There is a reason I call this column Outside the Box. I try to get material that forces us to think outside our normal comfort zones and challenges our common assumptions. I have made the comment more than once that is it unusual for two major bubbles to burst and for the conversation to be all about rising inflation and not a serious problem with deflation.
As Niels Jensen pointed out last week, the most important question that an investor can ask is whether we are in for deflation or inflation. And this week we read a well reasoned piece on deflation. This is one of the more important essays I have sent out. You need to set aside some time to absorb this one.
Van Hoisington and Dr. Lacy Hunt give us a few thoughts on why they think it is deflation that will ultimately be the problem and not inflation we are dealing with today. This week's letter requires you to think, but it will be worth the effort.
And let me quote a few sentences in the middle of this letter about taxes which you need to think about.
"Thus Barro and Perotti are saying that each $1 increase in government spending reduces private spending by about $1, with no net benefit to GDP. All that is left is a higher level of government debt creating slower economic growth."
"The most extensive research on tax multipliers is found in a paper written at the University of California Berkeley entitled The Macroeconomic Effects of Tax Changes: Estimates Based on a new Measure of Fiscal Shocks, by Christina D. and David H. Romer (March 2007). (Christina Romer now chairs the president's Council of Economic Advisors). This study found that the tax multiplier is 3, meaning that each dollar rise in taxes will reduce private spending by $3."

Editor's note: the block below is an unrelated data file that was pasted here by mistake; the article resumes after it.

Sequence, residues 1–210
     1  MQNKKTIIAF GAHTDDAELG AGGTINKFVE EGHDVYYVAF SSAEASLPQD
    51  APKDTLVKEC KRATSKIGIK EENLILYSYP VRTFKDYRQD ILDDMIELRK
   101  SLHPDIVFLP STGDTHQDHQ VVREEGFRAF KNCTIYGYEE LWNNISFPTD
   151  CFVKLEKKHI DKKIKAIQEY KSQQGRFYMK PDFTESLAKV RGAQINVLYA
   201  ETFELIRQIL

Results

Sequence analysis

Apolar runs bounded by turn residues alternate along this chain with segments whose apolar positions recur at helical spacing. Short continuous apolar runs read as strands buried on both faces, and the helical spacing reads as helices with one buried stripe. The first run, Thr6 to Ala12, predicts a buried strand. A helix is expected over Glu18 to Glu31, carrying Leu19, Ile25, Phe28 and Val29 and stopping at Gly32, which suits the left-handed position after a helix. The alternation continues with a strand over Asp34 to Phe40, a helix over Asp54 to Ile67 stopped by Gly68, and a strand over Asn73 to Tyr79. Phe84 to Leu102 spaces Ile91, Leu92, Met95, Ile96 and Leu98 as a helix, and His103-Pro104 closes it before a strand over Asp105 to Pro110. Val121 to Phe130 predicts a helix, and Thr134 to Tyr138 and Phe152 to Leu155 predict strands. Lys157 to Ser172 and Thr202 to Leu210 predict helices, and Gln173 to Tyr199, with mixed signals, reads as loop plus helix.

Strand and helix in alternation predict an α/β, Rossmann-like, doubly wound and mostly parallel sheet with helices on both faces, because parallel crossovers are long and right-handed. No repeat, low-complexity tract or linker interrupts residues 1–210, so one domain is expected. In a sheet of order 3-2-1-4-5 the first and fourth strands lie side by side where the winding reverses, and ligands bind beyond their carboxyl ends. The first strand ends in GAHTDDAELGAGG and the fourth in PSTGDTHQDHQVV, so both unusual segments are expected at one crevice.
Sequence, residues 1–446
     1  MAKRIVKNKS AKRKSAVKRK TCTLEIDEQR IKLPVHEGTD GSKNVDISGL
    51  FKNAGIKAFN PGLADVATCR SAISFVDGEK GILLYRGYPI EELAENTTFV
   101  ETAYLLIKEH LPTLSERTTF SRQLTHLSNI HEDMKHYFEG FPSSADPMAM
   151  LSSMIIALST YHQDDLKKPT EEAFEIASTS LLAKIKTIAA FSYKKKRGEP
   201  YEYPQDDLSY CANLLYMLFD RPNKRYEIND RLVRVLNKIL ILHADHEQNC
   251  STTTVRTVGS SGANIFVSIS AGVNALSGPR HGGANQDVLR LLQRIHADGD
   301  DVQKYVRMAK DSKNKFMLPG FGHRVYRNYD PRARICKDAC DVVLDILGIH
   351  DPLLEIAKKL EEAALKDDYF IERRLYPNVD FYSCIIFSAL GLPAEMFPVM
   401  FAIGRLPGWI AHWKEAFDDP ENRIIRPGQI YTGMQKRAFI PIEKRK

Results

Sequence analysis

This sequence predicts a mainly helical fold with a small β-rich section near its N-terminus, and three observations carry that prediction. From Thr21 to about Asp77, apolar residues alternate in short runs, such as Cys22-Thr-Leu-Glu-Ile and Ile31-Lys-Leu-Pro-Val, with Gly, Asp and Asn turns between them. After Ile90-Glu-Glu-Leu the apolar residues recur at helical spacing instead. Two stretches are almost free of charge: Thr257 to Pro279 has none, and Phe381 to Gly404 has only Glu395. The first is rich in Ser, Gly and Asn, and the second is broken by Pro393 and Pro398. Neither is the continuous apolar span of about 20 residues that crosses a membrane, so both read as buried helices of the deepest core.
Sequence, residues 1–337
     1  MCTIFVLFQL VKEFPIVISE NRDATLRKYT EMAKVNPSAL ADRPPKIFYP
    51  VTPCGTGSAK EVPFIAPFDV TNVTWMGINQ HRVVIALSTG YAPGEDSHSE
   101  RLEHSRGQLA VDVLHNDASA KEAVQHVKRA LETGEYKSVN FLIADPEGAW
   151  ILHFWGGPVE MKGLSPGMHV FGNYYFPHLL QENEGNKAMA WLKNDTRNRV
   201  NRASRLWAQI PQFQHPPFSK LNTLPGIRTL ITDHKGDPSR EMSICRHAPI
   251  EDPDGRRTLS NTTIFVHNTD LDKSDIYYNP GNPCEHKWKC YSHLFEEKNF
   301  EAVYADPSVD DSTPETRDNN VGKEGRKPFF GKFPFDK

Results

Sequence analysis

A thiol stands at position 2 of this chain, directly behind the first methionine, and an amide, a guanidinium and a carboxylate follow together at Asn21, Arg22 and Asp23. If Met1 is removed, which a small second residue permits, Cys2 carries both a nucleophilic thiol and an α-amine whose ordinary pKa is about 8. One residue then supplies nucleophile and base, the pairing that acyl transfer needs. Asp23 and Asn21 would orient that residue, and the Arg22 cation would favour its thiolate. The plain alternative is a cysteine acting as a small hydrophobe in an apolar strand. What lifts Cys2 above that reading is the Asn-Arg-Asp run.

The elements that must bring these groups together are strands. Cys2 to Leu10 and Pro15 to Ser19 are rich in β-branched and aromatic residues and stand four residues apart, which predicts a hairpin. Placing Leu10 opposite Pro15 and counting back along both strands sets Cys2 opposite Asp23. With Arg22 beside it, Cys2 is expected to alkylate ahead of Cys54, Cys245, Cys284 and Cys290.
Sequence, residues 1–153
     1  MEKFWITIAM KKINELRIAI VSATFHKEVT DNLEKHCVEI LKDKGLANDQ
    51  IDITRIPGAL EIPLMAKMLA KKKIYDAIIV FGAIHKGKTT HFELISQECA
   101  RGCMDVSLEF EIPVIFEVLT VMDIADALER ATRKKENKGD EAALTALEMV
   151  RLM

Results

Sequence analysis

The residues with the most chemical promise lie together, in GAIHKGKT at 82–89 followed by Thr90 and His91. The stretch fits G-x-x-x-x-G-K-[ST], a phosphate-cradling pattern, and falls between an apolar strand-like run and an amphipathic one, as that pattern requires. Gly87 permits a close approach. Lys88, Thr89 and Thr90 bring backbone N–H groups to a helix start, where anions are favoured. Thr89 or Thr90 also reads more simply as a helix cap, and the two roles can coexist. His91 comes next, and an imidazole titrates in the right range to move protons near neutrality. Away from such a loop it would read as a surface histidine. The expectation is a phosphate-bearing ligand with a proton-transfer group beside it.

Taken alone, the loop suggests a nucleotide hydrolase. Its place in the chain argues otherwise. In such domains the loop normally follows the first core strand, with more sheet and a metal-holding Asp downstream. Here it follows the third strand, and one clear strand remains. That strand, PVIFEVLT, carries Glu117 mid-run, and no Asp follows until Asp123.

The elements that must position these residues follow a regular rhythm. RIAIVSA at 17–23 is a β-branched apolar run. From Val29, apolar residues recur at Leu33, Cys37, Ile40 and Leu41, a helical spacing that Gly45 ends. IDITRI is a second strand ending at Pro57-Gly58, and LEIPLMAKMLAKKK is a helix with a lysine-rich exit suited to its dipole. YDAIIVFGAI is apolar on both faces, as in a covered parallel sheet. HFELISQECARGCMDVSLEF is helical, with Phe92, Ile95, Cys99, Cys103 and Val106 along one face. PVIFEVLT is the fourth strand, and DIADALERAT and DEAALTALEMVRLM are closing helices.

Now, if you put all of the various inputs together, Hoisington and Hunt show that theory suggests we will soon be dealing with deflation. It's counter-intuitive to what we hear today, which is why the Bank for International Settlements used the stagflation word in a recent report. The transition that is coming will not be comfortable....
I have often commented about the problem of personal savings. We worry about the lack of savings here in the US, but many do not understand that if everyone started to save 5% of there income immediately that it would seriously impact consumer spending, pushing the US into a recession. It is a paradox, as Paul McCulley points out, that what may be good for the individual may not be good for the collective country.
And in this week's Outside the Box, good friend and this week's Maine fishing buddy Paul McCulley writes about another paradox called the Paradox of Deleveraging. This Paradox is at the heart of the credit crisis. Many of you will not like his conclusions, as it calls for the government to step into the breach created by the problem he describes. But as I often point out, the purpose of Outside the Box is to make us think about ideas which may not be in our usual sources of information. Paul is the Managing Director at PIMCO, the world's largest bond manager. (www.pimco.com for more information.)